Compared to languages such as ATL, VIATRA, Kermeta, TEFKAT and frameworks such as openArchitectureWare and AndroMDA, Epsilon is a relatively young approach to MDD. This often raises the following (quite reasonable) questions:
- what is the aim of Epsilon in the MDD landscape?
- why wasn’t it built atop an existing framework?
The aim of Epsilon
Our aim with Epsilon is dual:
- to provide languages for tasks that are currently unsupported by other languages/tools
- to investigate novel/interesting ideas in model management tasks (e.g. M2M, M2T, model validation) that are already supported
(To put this into context, we are talking about languages that support contemporary object-oriented models specified using mainstream modelling technologies such as EMF and MDR.)
The first aim has been achieved. Epsilon provides languages for tasks such as model merging (EML) and model comparison (ECL) that were – at least to the best of our knowledge – previously unsupported.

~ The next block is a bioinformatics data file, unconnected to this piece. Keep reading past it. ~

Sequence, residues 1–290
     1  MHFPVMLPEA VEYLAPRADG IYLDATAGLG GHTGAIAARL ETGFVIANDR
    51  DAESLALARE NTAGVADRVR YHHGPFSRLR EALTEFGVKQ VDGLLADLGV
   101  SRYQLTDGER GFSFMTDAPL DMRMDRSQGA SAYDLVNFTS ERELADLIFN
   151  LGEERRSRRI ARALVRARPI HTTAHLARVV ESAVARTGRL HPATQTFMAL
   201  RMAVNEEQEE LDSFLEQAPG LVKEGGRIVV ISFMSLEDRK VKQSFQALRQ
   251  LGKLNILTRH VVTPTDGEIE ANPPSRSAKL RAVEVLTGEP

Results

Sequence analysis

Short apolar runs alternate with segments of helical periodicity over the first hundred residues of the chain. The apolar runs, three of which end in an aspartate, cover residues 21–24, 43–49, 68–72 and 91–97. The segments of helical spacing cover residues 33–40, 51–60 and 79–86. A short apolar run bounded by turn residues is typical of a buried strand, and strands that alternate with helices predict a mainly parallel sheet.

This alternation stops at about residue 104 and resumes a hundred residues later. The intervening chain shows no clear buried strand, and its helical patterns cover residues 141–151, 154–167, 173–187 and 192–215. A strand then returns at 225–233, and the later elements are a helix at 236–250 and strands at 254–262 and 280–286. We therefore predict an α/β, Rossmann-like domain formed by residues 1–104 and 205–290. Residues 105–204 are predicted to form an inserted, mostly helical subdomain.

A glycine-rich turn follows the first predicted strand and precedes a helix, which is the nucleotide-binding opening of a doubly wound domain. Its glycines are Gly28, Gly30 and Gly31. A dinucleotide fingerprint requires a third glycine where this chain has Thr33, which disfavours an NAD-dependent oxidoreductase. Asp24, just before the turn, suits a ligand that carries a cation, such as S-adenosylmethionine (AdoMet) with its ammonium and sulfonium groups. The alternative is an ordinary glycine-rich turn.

The second aim has also been (partly) achieved.
- EVL is the only constraint language – again to the best of our knowledge – that supports concepts such as dependent constraints, user interaction and the ability to define inconsistency-repairing behaviour (fixes).
- Although some work based on graph transformations has been done in the context of in-place model transformations, EWL is unique in providing a powerful concrete textual-syntax and supporting features such as user-interaction, and undoing-redoing the effects of wizards on the edited models (see flash demo)
We are constantly working towards improving the Epsilon languages and enhancing them with new interesting features but also keep an eye open for new tasks that could benefit from a task-specific language…